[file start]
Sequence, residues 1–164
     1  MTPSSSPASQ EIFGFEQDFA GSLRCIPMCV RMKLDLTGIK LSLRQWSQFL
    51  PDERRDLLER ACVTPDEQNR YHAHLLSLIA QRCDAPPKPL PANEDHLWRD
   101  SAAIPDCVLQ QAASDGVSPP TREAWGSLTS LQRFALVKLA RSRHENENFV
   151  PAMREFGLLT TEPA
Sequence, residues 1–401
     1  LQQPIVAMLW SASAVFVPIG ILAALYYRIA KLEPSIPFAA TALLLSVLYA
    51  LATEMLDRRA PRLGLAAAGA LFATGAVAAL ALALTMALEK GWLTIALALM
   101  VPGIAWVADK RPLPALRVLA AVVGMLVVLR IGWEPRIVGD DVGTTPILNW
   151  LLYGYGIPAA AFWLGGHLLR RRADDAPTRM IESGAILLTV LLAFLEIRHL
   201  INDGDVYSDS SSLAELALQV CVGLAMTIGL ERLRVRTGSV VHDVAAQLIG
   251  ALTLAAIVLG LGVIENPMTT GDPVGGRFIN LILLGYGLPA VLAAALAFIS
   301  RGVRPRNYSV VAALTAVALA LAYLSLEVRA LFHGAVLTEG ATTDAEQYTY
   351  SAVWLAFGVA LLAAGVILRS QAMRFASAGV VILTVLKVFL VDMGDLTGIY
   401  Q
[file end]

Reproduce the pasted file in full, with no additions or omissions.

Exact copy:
Sequence, residues 1–164
     1  MTPSSSPASQ EIFGFEQDFA GSLRCIPMCV RMKLDLTGIK LSLRQWSQFL
    51  PDERRDLLER ACVTPDEQNR YHAHLLSLIA QRCDAPPKPL PANEDHLWRD
   101  SAAIPDCVLQ QAASDGVSPP TREAWGSLTS LQRFALVKLA RSRHENENFV
   151  PAMREFGLLT TEPA
Sequence, residues 1–401
     1  LQQPIVAMLW SASAVFVPIG ILAALYYRIA KLEPSIPFAA TALLLSVLYA
    51  LATEMLDRRA PRLGLAAAGA LFATGAVAAL ALALTMALEK GWLTIALALM
   101  VPGIAWVADK RPLPALRVLA AVVGMLVVLR IGWEPRIVGD DVGTTPILNW
   151  LLYGYGIPAA AFWLGGHLLR RRADDAPTRM IESGAILLTV LLAFLEIRHL
   201  INDGDVYSDS SSLAELALQV CVGLAMTIGL ERLRVRTGSV VHDVAAQLIG
   251  ALTLAAIVLG LGVIENPMTT GDPVGGRFIN LILLGYGLPA VLAAALAFIS
   301  RGVRPRNYSV VAALTAVALA LAYLSLEVRA LFHGAVLTEG ATTDAEQYTY
   351  SAVWLAFGVA LLAAGVILRS QAMRFASAGV VILTVLKVFL VDMGDLTGIY
   401  Q